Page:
“I’m pretty talkative and used to edit a magazine, so it just made sense to write a book,” said Roy Lilley, the 90 year old […]
On The Trail with Ky Hamilton
Written by: Siri Stevens< Back to Articles
Ky Hamilton grew up in Mackay Queensland, Australia. “I actually grew up in town. My mom (Sharell) and dad (Micheal) had a house in town. My dad’s family lived three and a half hours south on a ranch – so I got to do cowboy stuff on the school holidays and stay with them. It was great.” Ky’s time in town was spent playing rugby and racing motocross with his brother, L’Koi. He also spent time watching PBR on TV. His dad drives a garbage truck, and his mom is a teacher’s aide. He rodeoed in America for the first time at the Junior High School Finals in Des Moines, Iowa, when he was 15.
“I was always interested in bull riding,” admits the 20-year-old sophomore at Sul Ross University. “I bugged my dad enough to let me do it. I started riding steers when I was 12.” Ky and his dad did a lot of traveling chasing down the rodeos – from one to three hours for one rodeo. “He drove me everywhere- it was always me and dad on the road.”
His determination to make it to the number one spot in the PRCA was instilled by his father. “This isn’t a sport that you can be half-hearted in – you’ve got to be 100% or it isn’t going to happen.” He learned the technique from his dad and Troy Dunn (1998 PRB Champion – only Australian). “He helped me out when I was 15 and he took me a lot further in it.” When Ky turned 18, he started doing the PBR in Australia. “I did that for about six months and then moved here.”
“I always wanted to ride bulls professionally from the states and win a world title. I thought college was a great way to get started. CJ got a hold of me and offered me a scholarship and it’s opened a lot of doors for me.” He compares the caliber of the bulls here to those in Australia. “The bulls are definitely a big difference. I’d say 6 out of 10 at home are good, here it’s 9 out of ten. Over here there are so many events to go to and the money is bigger. I didn’t get to ride as much in competition at home as over here.” He admits to missing his family and not much else. He hasn’t been home since he came over two years ago. “My parents have come over here.”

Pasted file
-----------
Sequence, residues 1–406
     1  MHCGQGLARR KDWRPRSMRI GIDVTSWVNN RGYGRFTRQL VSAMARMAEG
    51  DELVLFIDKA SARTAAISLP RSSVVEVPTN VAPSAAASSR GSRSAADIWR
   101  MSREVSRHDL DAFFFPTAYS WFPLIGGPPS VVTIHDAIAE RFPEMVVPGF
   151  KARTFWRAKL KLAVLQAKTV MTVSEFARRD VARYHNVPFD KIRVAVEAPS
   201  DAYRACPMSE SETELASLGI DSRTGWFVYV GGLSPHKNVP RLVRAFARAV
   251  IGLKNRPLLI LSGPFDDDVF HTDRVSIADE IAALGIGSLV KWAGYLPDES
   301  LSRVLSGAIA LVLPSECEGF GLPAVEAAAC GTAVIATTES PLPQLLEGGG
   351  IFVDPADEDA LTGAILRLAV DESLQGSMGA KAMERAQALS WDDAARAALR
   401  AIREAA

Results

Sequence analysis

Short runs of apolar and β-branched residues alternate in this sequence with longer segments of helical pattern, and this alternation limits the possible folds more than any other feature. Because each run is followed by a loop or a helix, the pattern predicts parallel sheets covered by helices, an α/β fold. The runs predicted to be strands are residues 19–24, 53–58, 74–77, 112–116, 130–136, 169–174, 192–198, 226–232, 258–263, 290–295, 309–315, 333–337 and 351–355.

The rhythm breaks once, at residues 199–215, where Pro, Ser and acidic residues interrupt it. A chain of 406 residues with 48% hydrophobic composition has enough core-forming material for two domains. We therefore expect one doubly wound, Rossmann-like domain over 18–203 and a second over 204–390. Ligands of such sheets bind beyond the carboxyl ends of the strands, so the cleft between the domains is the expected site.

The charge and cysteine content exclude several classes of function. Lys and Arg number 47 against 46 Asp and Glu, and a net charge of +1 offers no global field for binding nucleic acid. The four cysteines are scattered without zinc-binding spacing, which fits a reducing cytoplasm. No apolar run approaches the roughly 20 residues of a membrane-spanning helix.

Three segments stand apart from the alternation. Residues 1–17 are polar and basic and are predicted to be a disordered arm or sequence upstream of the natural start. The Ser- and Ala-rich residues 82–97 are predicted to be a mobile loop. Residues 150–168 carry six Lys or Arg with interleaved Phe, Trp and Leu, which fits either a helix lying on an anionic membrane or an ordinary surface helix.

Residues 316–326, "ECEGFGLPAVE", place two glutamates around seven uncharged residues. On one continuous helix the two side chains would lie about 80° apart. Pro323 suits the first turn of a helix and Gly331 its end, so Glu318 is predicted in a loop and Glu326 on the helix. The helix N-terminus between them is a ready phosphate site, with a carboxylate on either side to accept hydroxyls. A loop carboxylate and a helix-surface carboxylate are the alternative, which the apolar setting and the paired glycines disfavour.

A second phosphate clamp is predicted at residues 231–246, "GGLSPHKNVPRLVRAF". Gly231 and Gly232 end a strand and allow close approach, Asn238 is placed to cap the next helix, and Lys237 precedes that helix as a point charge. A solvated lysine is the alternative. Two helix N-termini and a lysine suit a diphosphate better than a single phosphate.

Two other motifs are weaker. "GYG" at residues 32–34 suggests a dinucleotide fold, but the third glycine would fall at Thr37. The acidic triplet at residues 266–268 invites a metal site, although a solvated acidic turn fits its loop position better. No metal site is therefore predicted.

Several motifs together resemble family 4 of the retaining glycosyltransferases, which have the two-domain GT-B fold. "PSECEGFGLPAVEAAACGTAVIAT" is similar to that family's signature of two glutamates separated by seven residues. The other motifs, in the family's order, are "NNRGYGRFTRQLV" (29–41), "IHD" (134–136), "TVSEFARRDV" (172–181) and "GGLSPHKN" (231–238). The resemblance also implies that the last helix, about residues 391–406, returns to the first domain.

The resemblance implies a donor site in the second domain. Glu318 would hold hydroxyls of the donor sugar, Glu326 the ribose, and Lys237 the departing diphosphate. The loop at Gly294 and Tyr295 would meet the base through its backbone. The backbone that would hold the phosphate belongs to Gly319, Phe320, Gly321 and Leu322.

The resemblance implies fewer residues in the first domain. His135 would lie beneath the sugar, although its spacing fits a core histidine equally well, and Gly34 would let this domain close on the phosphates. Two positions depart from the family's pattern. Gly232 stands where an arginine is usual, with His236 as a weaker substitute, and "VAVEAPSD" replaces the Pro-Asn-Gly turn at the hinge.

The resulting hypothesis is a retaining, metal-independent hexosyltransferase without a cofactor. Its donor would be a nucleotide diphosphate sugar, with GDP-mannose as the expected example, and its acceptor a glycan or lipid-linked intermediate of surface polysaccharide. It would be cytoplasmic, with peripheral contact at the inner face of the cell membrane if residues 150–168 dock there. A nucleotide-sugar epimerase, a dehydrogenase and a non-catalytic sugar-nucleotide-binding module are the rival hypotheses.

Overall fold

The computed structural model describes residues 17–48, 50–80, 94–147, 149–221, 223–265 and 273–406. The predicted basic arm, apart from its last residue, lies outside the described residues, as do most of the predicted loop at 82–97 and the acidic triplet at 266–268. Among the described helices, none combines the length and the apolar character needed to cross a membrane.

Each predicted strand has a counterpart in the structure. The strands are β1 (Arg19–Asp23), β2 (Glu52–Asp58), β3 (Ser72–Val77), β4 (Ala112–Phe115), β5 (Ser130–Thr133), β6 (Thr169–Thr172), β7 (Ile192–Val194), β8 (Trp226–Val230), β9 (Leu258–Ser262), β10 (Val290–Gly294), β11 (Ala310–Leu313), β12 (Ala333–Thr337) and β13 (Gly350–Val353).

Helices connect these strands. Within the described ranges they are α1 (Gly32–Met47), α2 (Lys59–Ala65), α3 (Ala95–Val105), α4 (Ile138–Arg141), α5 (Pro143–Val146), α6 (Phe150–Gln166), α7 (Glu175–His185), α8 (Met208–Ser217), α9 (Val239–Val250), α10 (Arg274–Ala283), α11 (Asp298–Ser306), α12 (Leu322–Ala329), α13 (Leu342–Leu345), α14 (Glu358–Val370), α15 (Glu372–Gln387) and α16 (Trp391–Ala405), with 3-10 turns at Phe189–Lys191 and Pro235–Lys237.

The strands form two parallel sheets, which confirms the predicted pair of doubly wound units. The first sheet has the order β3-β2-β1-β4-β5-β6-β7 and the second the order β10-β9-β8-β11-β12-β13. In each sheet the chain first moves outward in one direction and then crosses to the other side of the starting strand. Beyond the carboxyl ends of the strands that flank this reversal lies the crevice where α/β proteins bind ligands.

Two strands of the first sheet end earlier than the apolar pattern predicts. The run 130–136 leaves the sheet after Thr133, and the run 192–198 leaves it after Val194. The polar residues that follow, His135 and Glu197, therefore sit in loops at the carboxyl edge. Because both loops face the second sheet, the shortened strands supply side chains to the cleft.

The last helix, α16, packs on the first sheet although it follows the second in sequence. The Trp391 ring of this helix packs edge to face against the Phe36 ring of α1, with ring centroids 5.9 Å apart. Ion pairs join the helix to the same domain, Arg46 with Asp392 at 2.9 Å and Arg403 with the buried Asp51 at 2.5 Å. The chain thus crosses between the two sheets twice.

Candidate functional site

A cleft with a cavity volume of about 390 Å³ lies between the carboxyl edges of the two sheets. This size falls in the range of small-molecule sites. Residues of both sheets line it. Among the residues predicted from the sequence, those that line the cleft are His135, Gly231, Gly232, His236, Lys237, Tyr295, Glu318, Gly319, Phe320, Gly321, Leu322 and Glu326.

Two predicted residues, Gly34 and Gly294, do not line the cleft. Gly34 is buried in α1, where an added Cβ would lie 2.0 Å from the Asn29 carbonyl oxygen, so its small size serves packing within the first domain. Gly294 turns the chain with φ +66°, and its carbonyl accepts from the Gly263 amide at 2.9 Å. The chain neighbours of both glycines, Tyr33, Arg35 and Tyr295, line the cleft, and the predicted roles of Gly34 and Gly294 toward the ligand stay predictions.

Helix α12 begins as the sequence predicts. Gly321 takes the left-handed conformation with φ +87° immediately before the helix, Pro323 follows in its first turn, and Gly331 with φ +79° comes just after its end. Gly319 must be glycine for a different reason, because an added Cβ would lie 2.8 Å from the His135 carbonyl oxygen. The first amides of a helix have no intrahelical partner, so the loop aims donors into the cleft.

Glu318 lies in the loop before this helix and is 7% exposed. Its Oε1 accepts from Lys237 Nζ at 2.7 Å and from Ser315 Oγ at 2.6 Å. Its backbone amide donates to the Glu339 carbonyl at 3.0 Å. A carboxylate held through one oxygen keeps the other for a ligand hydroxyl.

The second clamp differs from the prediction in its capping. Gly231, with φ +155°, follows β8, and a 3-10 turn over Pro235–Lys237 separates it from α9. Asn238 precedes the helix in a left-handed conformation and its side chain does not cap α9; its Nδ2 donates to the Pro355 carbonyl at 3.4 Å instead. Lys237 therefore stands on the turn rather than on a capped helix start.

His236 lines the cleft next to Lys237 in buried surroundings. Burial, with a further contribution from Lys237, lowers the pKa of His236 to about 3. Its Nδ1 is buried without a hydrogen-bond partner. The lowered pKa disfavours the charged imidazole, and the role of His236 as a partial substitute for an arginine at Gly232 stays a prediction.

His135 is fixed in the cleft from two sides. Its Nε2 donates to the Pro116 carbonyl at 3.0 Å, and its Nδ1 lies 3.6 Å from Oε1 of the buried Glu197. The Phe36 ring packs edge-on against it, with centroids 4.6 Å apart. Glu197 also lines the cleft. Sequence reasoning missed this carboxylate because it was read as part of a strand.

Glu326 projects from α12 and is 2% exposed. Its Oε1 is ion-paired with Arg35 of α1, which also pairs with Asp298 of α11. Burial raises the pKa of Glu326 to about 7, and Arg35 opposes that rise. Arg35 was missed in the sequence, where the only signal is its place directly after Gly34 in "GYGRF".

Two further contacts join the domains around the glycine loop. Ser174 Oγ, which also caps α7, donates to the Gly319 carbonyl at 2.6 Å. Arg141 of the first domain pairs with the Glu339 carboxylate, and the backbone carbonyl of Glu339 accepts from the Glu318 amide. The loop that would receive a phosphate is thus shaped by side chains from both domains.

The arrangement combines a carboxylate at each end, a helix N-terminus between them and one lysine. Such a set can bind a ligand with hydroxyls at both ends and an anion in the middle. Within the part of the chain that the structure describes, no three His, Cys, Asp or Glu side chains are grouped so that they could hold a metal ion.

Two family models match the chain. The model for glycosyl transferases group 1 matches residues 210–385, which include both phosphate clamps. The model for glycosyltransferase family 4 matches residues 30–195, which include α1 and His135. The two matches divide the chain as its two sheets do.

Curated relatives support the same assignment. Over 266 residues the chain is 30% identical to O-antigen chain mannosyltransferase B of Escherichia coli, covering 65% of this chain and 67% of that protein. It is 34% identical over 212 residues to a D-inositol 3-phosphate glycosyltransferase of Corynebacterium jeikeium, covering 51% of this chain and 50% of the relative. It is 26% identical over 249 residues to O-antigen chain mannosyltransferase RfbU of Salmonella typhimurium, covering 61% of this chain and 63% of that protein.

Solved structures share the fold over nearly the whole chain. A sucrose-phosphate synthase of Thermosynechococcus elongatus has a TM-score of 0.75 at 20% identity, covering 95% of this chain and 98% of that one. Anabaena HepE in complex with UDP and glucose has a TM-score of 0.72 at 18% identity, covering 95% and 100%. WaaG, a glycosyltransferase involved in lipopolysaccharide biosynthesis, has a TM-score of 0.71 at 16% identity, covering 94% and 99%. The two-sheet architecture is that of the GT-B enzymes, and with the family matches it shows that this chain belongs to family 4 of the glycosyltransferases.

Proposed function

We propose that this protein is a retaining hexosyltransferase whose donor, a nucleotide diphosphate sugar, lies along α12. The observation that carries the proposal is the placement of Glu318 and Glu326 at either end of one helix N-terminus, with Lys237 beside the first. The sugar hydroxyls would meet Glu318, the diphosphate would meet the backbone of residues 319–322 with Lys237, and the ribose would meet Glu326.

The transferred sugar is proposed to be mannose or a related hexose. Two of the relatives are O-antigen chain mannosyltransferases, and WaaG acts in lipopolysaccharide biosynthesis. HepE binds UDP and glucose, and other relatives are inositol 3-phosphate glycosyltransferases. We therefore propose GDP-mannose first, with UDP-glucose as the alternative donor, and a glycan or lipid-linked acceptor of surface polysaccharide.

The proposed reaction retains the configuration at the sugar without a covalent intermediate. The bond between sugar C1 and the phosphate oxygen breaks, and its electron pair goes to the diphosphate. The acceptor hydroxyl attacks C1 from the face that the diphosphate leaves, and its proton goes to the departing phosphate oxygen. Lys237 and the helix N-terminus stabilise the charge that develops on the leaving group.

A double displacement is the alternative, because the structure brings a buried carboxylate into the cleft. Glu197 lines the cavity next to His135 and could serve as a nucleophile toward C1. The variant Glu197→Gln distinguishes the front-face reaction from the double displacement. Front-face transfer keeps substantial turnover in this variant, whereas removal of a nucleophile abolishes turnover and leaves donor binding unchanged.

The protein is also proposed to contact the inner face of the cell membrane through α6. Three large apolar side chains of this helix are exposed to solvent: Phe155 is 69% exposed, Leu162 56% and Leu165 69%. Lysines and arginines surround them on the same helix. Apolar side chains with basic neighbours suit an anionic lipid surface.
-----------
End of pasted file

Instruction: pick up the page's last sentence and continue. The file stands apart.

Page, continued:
“He is probably one of the hardest workers I’ve ever coached in 14 years,” said CJ Aragon, his coach at Sul Ross State University in Alpine, Texas. “He’s a really good student in the classroom and the arena. Everything he does is at a high level.” CJ shares Ky’s workout routine at the University. “He goes to CrossFit at 5:30, and then runs up the hill – the hill behind campus is a mile and a half up to the top – basically the equivalent of 50 flights of stairs. We’ve gotten to where we can do it in 9 minutes to the top.” After the hill, Ky goes to the gym with the steer wrestlers and then he goes to classes. “If he is heading out to rodeos, he turns his work in early and stays on top of it.” One of his classes is with CJ – Event management and Planning. “He’s one of those students that is coachable. He wants to be good and he’ll work really hard at it. On the dash of his truck is a book – Mind Gym – and he’s read it a few times.”
Whenever his travels take him close, he stays with Cody Lambert, who qualified for the National Finals Rodeo nine times between 1981 and 1993, consisting of seven trips in bull riding and three trips in saddle bronc riding. In 1992, he was one of 20 bull riders who helped establish the PBR; he’s been selecting bulls for the organization’s events ever since. “He’s a really good kid that’s worked hard and come a long ways in the year and a half that I’ve known him. I’ve gotten to know his parents and they are really good people that have instilled a work ethic and a level of respect for people – and appreciation – I can say he’s represented his country and his family and his sport really well.”
Ky has a few online only classes that he can do while heading to rodeos. He is in his second year at Sul Ross, majoring in Industrial Technology – learning everything from welding to woodworking, small engine repair and industrial drawing. His real love is riding bulls.
“I like it so much; when you love something that much, you do whatever you can to be better at it. There are a handful of guys out there that will go down as great – if I want to beat them; I’m going to have to work at it very hard.”